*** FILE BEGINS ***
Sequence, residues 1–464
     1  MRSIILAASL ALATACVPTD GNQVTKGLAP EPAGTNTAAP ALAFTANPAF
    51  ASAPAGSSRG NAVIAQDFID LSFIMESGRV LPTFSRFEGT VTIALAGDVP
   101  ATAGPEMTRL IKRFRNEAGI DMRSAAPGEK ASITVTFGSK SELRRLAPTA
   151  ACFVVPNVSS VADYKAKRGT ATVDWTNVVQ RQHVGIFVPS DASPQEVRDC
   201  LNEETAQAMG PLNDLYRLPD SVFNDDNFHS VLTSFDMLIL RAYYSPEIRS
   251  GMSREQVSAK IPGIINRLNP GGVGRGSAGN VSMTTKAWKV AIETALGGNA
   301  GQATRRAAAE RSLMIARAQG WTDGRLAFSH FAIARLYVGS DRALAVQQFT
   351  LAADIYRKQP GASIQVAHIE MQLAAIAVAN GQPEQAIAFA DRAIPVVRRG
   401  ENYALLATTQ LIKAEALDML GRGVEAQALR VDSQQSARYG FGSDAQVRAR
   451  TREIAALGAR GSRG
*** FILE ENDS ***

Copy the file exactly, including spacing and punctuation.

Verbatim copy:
Sequence, residues 1–464
     1  MRSIILAASL ALATACVPTD GNQVTKGLAP EPAGTNTAAP ALAFTANPAF
    51  ASAPAGSSRG NAVIAQDFID LSFIMESGRV LPTFSRFEGT VTIALAGDVP
   101  ATAGPEMTRL IKRFRNEAGI DMRSAAPGEK ASITVTFGSK SELRRLAPTA
   151  ACFVVPNVSS VADYKAKRGT ATVDWTNVVQ RQHVGIFVPS DASPQEVRDC
   201  LNEETAQAMG PLNDLYRLPD SVFNDDNFHS VLTSFDMLIL RAYYSPEIRS
   251  GMSREQVSAK IPGIINRLNP GGVGRGSAGN VSMTTKAWKV AIETALGGNA
   301  GQATRRAAAE RSLMIARAQG WTDGRLAFSH FAIARLYVGS DRALAVQQFT
   351  LAADIYRKQP GASIQVAHIE MQLAAIAVAN GQPEQAIAFA DRAIPVVRRG
   401  ENYALLATTQ LIKAEALDML GRGVEAQALR VDSQQSARYG FGSDAQVRAR
   451  TREIAALGAR GSRG